Journal cover Journal topic
Atmospheric Chemistry and Physics An interactive open-access journal of the European Geosciences Union
Atmos. Chem. Phys., 5, 1223-1242, 2005
© Author(s) 2005. This work is licensed under
the Creative Commons Attribution-NonCommercial-ShareAlike 2.5 License.
26 May 2005
A curved multi-component aerosol hygroscopicity model framework: Part 2 – Including organic compounds
D. O. Topping, G. B. McFiggans, and H. Coe School of Earth, Atmospheric and Environmental Sciences, The University of Manchester, The Sackville street building, Sackville street, Manchester, M60 1QD, UK
Abstract. This paper describes the inclusion of organic particulate material within the Aerosol Diameter Dependent Equilibrium Model (ADDEM) framework described in the companion paper applied to inorganic aerosol components. The performance of ADDEM is analysed in terms of its capability to reproduce the behaviour of various organic and mixed inorganic/organic systems using recently published bulk data. Within the modelling architecture already described two separate thermodynamic models are coupled in an additive approach and combined with a method for solving the Kohler equation in order to develop a tool for predicting the water content associated with an aerosol of known inorganic/organic composition and dry size. For development of the organic module, the widely used group contribution method UNIFAC is employed to explicitly deal with the non-ideality in solution. The UNIFAC predictions for components of atmospheric importance were improved considerably by using revised interaction parameters derived from electro-dynamic balance studies. Using such parameters, the model was found to adequately describe mixed systems including 5–6 dicarboxylic acids, down to low relative humidity conditions. By comparison with electrodynamic balance data, it was also found that the model was capable of capturing the behaviour of aqueous aerosols containing Suwannee River Fulvic acid, a structure previously used to represent the functionality of complex oxidised macromolecules often found in atmospheric aerosols. The additive approach for modelling mixed inorganic/organic systems worked well for a variety of mixtures. As expected, deviations between model predictions and measurements increase with increasing concentration. Available surface tension models, used in evaluating the Kelvin term, were found to reproduce measured data with varying success. Deviations from experimental data increased with increased organic compound complexity. For components only slightly soluble in water, significant deviations from measured surface tension depression behaviour were predicted with both model formalisms tested. A Sensitivity analysis showed that such variation is likely to lead to predicted growth factors within the measurement uncertainty for growth factor taken in the sub-saturated regime. Greater sensitivity was found for the value of dry density used in the assumed form of the dried out aerosol. Comparison with a coupled thermodynamic approach showed that assumed values for interactions parameters may lead to erroneous results where a simple additive approach may provide more accurate results. However, where available, the use of coupled thermodynamics can better reproduce measured behaviour. Further work (and laboratory data) is required to assess whether this difference lies within the experimental uncertainty of observed hygroscopic behaviour for a variety of systems.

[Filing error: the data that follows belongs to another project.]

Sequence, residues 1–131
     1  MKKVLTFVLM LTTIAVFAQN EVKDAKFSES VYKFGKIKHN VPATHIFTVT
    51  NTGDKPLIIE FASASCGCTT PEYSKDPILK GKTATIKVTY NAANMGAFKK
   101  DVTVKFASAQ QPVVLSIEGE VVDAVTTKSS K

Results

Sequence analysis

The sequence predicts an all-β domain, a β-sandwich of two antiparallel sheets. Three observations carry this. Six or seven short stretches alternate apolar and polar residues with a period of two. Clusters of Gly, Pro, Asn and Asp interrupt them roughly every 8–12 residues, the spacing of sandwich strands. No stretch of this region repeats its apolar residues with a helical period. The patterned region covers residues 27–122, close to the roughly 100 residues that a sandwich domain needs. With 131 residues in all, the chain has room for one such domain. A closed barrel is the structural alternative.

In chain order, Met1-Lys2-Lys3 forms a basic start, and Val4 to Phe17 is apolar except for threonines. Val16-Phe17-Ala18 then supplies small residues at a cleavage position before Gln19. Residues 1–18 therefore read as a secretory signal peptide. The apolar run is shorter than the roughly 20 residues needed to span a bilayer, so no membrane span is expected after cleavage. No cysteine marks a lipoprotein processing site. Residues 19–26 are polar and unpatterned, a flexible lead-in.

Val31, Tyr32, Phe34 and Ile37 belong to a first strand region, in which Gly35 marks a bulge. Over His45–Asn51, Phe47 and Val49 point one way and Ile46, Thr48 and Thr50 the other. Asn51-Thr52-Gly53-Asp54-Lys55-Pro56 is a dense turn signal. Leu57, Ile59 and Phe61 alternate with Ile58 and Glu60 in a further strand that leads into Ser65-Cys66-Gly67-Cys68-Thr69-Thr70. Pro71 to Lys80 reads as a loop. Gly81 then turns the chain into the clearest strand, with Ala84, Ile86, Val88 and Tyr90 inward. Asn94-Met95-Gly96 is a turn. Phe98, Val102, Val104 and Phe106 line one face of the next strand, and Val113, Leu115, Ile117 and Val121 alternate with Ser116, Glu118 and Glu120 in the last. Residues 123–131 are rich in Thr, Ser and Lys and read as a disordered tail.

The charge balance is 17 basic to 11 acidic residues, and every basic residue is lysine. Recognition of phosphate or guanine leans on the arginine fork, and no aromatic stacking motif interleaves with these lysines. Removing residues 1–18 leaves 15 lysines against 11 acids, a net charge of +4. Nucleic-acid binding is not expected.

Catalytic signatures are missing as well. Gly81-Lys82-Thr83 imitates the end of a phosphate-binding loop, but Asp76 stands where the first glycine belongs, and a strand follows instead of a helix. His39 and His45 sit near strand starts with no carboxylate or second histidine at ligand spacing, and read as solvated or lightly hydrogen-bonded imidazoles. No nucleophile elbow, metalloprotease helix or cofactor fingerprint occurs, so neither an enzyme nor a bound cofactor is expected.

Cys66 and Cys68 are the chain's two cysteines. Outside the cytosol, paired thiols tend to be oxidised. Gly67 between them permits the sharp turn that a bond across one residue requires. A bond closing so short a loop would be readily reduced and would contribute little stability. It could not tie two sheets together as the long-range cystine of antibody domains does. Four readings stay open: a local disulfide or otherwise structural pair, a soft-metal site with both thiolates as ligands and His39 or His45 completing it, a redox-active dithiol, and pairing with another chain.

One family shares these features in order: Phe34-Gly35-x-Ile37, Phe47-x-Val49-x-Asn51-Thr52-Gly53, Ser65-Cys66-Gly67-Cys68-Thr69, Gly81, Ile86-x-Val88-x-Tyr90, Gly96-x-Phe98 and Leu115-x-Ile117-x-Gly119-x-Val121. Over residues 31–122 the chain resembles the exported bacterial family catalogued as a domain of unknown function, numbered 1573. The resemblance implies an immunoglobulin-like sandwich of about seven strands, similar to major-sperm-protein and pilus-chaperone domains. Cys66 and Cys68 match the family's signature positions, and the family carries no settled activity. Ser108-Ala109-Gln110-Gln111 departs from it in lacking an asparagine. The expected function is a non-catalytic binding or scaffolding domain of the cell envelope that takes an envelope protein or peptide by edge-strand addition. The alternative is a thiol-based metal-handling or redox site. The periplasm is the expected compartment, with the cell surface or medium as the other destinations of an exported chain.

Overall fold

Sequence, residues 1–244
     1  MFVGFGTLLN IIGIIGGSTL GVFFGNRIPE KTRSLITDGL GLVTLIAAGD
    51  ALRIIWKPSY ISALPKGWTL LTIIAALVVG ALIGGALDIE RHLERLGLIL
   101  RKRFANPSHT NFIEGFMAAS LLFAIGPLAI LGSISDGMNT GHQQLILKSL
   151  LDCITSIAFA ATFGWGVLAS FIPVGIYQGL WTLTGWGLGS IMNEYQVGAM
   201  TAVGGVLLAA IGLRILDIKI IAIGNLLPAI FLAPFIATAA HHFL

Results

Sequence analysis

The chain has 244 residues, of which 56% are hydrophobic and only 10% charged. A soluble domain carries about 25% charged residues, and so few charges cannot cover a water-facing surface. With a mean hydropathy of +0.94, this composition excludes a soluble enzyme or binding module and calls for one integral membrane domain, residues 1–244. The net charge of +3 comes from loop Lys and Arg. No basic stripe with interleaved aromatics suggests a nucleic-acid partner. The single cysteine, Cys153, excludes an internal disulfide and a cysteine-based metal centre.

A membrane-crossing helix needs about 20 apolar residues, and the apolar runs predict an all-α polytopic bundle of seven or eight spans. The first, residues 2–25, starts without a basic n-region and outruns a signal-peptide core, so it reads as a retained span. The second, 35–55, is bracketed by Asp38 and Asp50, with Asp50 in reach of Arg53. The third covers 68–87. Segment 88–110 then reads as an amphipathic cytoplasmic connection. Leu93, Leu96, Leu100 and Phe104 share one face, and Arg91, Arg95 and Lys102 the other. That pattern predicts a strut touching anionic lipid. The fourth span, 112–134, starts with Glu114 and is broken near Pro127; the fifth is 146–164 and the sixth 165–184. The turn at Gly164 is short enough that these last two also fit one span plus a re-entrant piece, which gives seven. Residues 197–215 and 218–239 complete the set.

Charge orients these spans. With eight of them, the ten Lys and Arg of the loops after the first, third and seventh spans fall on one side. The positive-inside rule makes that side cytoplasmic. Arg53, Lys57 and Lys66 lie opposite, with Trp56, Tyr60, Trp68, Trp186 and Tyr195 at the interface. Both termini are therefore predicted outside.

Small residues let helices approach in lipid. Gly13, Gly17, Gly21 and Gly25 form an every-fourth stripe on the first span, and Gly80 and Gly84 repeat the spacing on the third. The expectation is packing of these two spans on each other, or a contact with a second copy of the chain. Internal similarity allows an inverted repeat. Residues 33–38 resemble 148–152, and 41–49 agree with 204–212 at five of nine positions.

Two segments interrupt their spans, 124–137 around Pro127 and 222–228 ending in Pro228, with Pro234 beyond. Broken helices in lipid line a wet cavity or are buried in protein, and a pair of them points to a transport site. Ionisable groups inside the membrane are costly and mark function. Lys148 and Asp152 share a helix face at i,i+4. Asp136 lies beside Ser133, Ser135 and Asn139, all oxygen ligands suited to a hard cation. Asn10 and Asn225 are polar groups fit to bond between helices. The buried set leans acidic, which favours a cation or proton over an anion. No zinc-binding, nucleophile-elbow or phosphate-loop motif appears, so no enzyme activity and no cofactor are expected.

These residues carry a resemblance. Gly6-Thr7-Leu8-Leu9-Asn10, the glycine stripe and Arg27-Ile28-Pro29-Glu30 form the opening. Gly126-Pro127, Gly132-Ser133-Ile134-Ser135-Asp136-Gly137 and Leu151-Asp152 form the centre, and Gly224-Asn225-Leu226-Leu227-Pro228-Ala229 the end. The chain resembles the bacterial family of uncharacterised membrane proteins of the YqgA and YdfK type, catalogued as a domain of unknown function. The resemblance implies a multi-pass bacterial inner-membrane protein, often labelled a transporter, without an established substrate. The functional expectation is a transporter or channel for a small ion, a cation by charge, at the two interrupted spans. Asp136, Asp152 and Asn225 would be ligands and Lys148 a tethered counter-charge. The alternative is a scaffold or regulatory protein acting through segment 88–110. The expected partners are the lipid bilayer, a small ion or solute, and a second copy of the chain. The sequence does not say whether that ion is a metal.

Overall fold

Citation: Topping, D. O., McFiggans, G. B., and Coe, H.: A curved multi-component aerosol hygroscopicity model framework: Part 2 – Including organic compounds, Atmos. Chem. Phys., 5, 1223-1242,, 2005.
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